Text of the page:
What an Upset Kid Is Really Trying to Say
Difficult-to-diffuse meltdowns are a reality of the early years, and they’re a challenge for even the calmest, most rational and seasoned parents among us. Here, Dr. Habib Sadeghi and Dr. Sherry Sami share four steps that can go a long way in smoothing these situations for Mom, Dad, and (most importantly) the littles.
Tantrum Tactics: What to Do When Your Child Is Out of Control
It happens to every parent. You’re already stressed out and on your last nerve when your child decides to have an emotional meltdown, usually in a public place like a restaurant, supermarket, or department store. Trying to communicate with a child in the midst of a tantrum can try the patience of saints, even under the best of circumstances. While every scenario and child are different, your best bet for bringing calm to the situation lies in understanding how not to get drawn into the power play and what it takes to re-establish communication.
Rewards and Consequences
When a child is acting up or refusing to comply with a request, it’s easy for parents to resort to the time-honored countdown to consequences: “You’d better stop screaming and start putting your toys away by the time I count to three. One… Two…” It’s easy to pull rank on our children to get what we want because we’re bigger and stronger than they are. It certainly shuts the situation down, but can our children really respect us when our actions show them that what they want is irrelevant and their feelings don’t matter? Imagine how dehumanizing it would be if your boss gave you a three-count to do something at work. No questions allowed; just do it or else. If it’s not okay to treat adults this way, why do we do it with our children?
When we use fear-based tactics to control behavior, we teach children that love is conditional. We’ll love them after they do what we want. It also teaches them to equate love with approval, and that can be very dangerous to self-esteem as they grow up, especially for girls. Likewise, the “I’m Leaving You” drama, where parents pretend to walk out of a public place leaving their sobbing children behind, not only traumatizes children but violates their trust. After all, if children can’t expect their parents to remain by their side as their protectors and supporters in tough times, then who can they rely on?
When stress levels rise during a child’s tantrum, it’s very easy to resort to fear-based tactics to bring a quick end to the situation. It’s important to know, however, that our choices in these moments will have lasting effects that far outweigh our temporary need to get the child into the bathtub or off the playground. Personally, as the parents of two young children, we try to approach these situations from the perspective of loving our children rather than them fearing us. From this perspective, if our children are behaving badly, we know that while they may not be happy with the outcome, they won’t be afraid of us.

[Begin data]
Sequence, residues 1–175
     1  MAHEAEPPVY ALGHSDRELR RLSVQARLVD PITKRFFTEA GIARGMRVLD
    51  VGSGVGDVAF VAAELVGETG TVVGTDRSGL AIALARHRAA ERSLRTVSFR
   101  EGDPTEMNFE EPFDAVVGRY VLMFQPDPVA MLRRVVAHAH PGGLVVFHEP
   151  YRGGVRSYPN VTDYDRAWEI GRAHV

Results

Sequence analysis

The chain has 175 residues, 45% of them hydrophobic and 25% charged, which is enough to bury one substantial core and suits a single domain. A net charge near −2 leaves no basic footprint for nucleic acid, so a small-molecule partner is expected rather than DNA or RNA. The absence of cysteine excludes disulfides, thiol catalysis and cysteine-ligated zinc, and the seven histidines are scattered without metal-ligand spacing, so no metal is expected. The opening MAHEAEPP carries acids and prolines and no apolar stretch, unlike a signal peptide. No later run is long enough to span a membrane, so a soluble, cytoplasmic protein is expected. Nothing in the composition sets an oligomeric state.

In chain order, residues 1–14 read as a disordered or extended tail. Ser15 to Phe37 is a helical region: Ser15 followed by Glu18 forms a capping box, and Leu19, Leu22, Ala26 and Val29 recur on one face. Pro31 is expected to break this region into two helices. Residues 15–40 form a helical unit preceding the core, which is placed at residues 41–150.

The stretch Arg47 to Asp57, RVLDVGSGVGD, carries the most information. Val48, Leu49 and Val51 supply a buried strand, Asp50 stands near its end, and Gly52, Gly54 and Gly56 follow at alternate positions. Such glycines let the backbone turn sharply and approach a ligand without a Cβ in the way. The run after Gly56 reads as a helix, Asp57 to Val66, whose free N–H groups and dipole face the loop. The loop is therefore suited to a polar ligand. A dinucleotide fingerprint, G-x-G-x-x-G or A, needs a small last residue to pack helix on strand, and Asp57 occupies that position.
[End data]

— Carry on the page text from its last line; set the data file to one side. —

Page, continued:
In contrast to fear-based tactics, some parents respond to children’s outbursts by rewarding them if they settle down and do what the parent asks: “If you stop crying right now so we can leave, Mommy will get you some ice cream on the way home.” Unfortunately, rewards in these situations teach children to disown their feelings or mute them with external distractions to feel better. It also teaches them to manipulate to get what they want.
Overly punitive and permissive approaches to tantrums do equal harm to children, and they don’t do parents any favors either. If a child is acting out in a rebellious or confrontational way, the best way to neutralize the behavior isn’t through fear or coercion, but by establishing a connection with them. Creating connections is all about communication. When we’re truly communicating with our children, we make learning part of the process.
Superiority vs. Authority
In order to communicate with an upset child, parents have to get rid of the idea that parent is synonymous with power. It’s an easy assumption to make because as parents, we think of ourselves as the homework-checker, chore-allocator, allowance-giver, disciplinarian, etc. These are all positions of power, but parenting is far more than just telling children what to do. To reconnect with an emotionally ungrounded child, we must treat his/her needs and feelings as equal and valid as our own. In order to do this, we can’t take a position of superiority over the child. Superiority gives orders from the ego. Authority, in contrast, provides guidance through wisdom. Superiority creates power struggles and competition, while authority creates a connection.
Owning our authority and not resorting to knee-jerk superiority during confrontations with our children keeps us from feeling our power has been threatened when they tell us “No!” It also helps us make more conscious choices as to how we respond to them. From this mindset, we understand that noncooperation isn’t a challenge to our authority. As with adults, behavior is communication. An upset child is trying to communicate through his behavior a deeper need that he can’t express verbally.
Honor Their Feelings
The most important aspect in re-establishing a connection with your upset child is to honor their feelings. Unfortunately, many parents respond in a dismissive way instead, by saying things like: “You can’t be hungry again. We just ate an hour ago.” Or, “We paid a lot of money for that dress and you’ll wear it for the family portrait whether you like it or not.” Denying the child’s feelings only escalates the situation. Think about it: How would you feel if your spouse or partner refused to acknowledge the feelings you were trying to communicate? When we honor anyone’s feelings, we’re telling him/her that how he/she feels about something is important to us and by association that he/she is important to us.